Rise of The Ronin Review

The sandbox objectives also grow tiresome. Public Orders are invaded towns and camps which have to be cleared. “Cleared” here means killing all the bandits and enemies so that normal people can move in and make it functional. These takeovers involved defeating a bunch of weaker enemies and a handful of more powerful ones called “Formidable Foes”. Once done, people would settle in and a shop might open. This shop didn’t offer anything remotely different from others one district over.

Each district does have a checklist of things to complete which will make all those competionists happy. I spent less time discovering and more time going to the set objective thanks to this list. There’s only a handful of things to do in each area so it is not oversaturated with missions. Cats can be hugged and counted towards a total. Photograph opportunities let me snap up historical locations. I could also pray at shrines for skill points.

Rise of The Ronin Review

The issue here is that everything contributes to the game’s progression system in some way or another. So as boring as these side objectives get, I felt compelled to complete them. The cats, for example, rank up a Bond between my character and ???. Essentially, unlocking items to purchase such as skill books and gear. The same goes for the photographs and wanted assassinations called Fugitives.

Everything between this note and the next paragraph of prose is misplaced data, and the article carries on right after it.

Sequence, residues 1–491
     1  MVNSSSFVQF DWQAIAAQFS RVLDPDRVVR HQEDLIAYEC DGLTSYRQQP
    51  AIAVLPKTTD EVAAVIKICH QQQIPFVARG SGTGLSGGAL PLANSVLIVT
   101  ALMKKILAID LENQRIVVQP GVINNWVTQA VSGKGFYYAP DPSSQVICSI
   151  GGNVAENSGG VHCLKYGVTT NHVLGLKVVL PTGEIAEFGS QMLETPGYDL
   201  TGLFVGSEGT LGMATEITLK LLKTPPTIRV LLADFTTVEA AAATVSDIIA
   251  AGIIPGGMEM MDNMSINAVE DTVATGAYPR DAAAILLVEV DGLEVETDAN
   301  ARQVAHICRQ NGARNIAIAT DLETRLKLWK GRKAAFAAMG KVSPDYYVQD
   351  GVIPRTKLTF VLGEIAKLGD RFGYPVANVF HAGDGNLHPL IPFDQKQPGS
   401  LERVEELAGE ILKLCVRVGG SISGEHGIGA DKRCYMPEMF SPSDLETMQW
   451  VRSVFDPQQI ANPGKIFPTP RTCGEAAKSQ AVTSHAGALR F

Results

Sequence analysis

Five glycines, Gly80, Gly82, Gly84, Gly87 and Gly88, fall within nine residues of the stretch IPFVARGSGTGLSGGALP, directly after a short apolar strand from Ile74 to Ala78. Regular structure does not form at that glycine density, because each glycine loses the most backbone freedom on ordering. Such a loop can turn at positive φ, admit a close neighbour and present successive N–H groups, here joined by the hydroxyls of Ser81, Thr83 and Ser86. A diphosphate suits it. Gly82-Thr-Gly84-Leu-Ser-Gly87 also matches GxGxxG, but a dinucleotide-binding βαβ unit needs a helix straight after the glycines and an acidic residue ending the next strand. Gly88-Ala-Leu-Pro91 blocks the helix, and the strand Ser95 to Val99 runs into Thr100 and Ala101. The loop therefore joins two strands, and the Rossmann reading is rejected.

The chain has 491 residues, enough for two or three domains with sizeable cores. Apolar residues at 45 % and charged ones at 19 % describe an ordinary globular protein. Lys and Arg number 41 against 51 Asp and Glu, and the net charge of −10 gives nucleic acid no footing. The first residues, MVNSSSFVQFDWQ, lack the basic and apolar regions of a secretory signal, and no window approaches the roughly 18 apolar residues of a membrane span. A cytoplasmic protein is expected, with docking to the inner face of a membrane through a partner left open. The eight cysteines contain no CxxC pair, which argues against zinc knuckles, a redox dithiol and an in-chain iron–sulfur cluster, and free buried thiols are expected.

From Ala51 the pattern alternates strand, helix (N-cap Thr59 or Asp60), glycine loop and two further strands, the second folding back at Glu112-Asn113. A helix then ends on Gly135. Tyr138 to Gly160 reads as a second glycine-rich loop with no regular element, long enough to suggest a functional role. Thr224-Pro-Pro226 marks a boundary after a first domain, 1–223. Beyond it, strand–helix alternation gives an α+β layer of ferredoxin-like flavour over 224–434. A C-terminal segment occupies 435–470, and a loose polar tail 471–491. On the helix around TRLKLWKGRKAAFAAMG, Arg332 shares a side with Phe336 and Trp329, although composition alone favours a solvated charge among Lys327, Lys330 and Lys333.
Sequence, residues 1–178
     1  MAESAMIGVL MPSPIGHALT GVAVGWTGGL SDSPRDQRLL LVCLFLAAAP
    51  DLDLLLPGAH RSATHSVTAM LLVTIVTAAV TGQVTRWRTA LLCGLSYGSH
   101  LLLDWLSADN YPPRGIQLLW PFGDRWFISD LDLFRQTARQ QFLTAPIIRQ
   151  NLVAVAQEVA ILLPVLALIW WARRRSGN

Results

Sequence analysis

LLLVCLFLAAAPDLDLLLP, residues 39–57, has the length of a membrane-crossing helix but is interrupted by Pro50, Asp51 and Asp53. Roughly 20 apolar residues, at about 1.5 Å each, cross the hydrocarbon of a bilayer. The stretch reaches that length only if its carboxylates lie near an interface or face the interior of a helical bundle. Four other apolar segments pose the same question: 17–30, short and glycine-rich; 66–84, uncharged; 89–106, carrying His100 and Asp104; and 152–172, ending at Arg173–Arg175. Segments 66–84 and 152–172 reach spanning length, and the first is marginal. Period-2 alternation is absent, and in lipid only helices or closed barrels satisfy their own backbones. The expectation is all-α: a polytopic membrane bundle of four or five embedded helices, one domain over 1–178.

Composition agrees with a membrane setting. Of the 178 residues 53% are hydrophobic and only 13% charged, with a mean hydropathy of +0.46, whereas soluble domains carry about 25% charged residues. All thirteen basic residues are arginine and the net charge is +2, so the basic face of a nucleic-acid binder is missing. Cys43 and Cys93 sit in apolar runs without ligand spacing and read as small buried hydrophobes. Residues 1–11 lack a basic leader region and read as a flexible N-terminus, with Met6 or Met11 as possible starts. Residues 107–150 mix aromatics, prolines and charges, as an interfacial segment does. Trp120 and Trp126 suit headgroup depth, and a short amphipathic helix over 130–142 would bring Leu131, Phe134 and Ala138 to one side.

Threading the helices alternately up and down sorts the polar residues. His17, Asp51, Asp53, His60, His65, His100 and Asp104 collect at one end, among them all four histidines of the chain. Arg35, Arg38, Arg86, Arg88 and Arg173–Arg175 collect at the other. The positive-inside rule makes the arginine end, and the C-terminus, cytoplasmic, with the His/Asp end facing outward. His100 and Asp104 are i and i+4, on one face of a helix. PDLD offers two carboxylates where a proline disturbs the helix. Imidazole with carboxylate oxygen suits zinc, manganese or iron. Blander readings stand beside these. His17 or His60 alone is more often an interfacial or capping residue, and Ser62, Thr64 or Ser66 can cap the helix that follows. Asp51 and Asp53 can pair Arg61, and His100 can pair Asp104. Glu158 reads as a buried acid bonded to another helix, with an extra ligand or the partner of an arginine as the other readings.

You then take these objectives, add them to the long ongoing story, sprinkle on the not-so-majestic map and you have a game that becomes kind of a chore to play. Some nights I felt as if I wasn’t making any progress with anything. I spent hours busy doing stuff with no real reward for doing it. I was tired and pretty much over it. The hours became days and the days became weeks of tedious objectives in a shallow world.

Rise of The Ronin Review

That energy is then fed into the main story which you need to pay attention to. I began to drift away during the dialogue. Picking up my phone during cutscenes, even skipping some text. The whole experience became too much of the same thing after a while.

Sure, there are some standout moments in the game. The Bonds system let me focus on a specific character relationship with another person. I would do a specific number of quests for them and be forced to make dialogue decisions to help increase the friendship level. As a result, this Bond would increase and I would unlock more gear and rewards.

Rise of The Ronin Review

However, again there are so many characters in the game it all feels a bit watered down. It became impossible for me to care the same for them all. Especially given how the game doesn’t push this agenda as much as say, Dragon Age and Mass Effect. These people are only with you during certain parts of the story and the rest of the time, I just forgot about them.